Risk Factors for Staphylococcus aureus Nasal Colonization in Joint Arthroplasty Patients

Amanda L. Walsh, Adam C. Fields, James D. Dieterich, Darwin D. Chen, Michael J. Bronson, Calin S. Moucha

Research output: Contribution to journalArticlepeer-review

22 Scopus citations


Background: Several studies have shown that Staphylococcus aureus (S aureus) nasal colonization is associated with surgical site infection and that preoperative decolonization can reduce infection rates. Up to 30% of joint arthroplasty patients have positive S aureus nasal swabs. Patient risk factors for colonization remain largely unknown. The aim of this study was to determine whether there is a specific patient population at increased risk of S aureus nasal colonization. Methods: This study is a retrospective review of 716 patients undergoing hip or knee arthroplasty beginning in 2011. All patients were screened preoperatively for nasal colonization. Univariate and multivariate analyses were used to assess risk factors for nasal colonization. Results: A total of 716 patients undergoing joint arthroplasty had preoperative nasal screening. One hundred twenty-five (17.50%) nasal swabs were positive for methicillin-susceptible S aureus (MSSA), 13 (1.80%) were positive for methicillin-resistant S aureus (MRSA), and 84 (11.70%) were positive for other organisms. In bivariate analysis, diabetes (P =.04), renal insufficiency (P =.03), and immunosuppression (P =.02) were predictors of nasal colonization with MSSA/MRSA. In multivariate analysis, immunosuppression (P =.04; odds ratio, 2.0; 95% confidence interval, 1.03-3.71) and renal insufficiency (P =.04; odds ratio, 2.5; 95% confidence interval, 1.01-6.18) were independent predictors of nasal colonization with MSSA/MRSA. Conclusion: Overall, 17.5% of patients undergoing primary hip or knee arthroplasty screened positive for S aureus. Diabetes, renal insufficiency, and immunosuppression are risk factors for such colonization. Given that these comorbidities are already known independent risk factors for periprosthetic joint infection, these patients should be particularly screened and when necessary, decolonized.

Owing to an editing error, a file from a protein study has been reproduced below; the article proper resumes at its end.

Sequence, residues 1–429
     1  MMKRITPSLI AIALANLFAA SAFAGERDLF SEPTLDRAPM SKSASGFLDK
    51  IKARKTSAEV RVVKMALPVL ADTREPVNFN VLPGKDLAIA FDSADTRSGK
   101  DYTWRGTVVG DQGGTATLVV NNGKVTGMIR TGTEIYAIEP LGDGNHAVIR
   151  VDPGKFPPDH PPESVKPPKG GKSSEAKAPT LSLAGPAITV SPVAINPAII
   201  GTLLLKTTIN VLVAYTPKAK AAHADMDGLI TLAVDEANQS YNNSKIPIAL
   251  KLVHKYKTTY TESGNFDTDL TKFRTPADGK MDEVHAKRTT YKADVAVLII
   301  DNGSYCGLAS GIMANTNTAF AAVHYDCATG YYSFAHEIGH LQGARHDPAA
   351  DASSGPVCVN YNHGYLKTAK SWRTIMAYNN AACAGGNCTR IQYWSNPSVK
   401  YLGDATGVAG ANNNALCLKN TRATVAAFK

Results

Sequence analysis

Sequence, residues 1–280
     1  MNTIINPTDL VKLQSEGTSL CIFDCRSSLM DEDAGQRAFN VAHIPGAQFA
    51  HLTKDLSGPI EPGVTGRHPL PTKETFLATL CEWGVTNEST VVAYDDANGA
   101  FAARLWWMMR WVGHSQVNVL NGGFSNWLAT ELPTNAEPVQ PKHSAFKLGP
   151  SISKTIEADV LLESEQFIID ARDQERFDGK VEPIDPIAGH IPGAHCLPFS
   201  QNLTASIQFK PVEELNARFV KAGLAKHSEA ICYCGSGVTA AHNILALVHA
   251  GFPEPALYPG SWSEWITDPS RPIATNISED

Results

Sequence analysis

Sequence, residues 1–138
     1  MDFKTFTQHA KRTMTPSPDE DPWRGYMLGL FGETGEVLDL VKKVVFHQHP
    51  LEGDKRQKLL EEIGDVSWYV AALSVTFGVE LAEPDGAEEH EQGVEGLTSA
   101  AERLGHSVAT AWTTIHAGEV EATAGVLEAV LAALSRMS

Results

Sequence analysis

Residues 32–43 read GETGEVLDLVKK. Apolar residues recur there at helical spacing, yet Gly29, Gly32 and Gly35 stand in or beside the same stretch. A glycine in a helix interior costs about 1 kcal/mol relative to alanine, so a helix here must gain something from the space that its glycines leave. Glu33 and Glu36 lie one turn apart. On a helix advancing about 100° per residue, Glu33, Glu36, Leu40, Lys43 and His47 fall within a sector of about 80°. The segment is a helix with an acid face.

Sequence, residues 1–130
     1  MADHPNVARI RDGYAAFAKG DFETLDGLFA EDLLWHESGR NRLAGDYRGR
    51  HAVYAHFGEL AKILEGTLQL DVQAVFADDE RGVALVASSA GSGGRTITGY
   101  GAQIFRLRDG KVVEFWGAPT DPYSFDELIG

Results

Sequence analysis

Original languageEnglish
Pages (from-to)1530-1533
Number of pages4
JournalJournal of Arthroplasty
Issue number5
StatePublished - May 2018


  • Staphylococcus aureus
  • colonization
  • infection
  • screening
  • total joint arthroplasty


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